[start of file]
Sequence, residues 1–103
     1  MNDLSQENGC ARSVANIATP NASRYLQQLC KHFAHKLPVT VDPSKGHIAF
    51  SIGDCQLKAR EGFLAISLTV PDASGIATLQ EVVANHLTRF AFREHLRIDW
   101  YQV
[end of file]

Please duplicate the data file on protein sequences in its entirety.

Sequence, residues 1–103
     1  MNDLSQENGC ARSVANIATP NASRYLQQLC KHFAHKLPVT VDPSKGHIAF
    51  SIGDCQLKAR EGFLAISLTV PDASGIATLQ EVVANHLTRF AFREHLRIDW
   101  YQV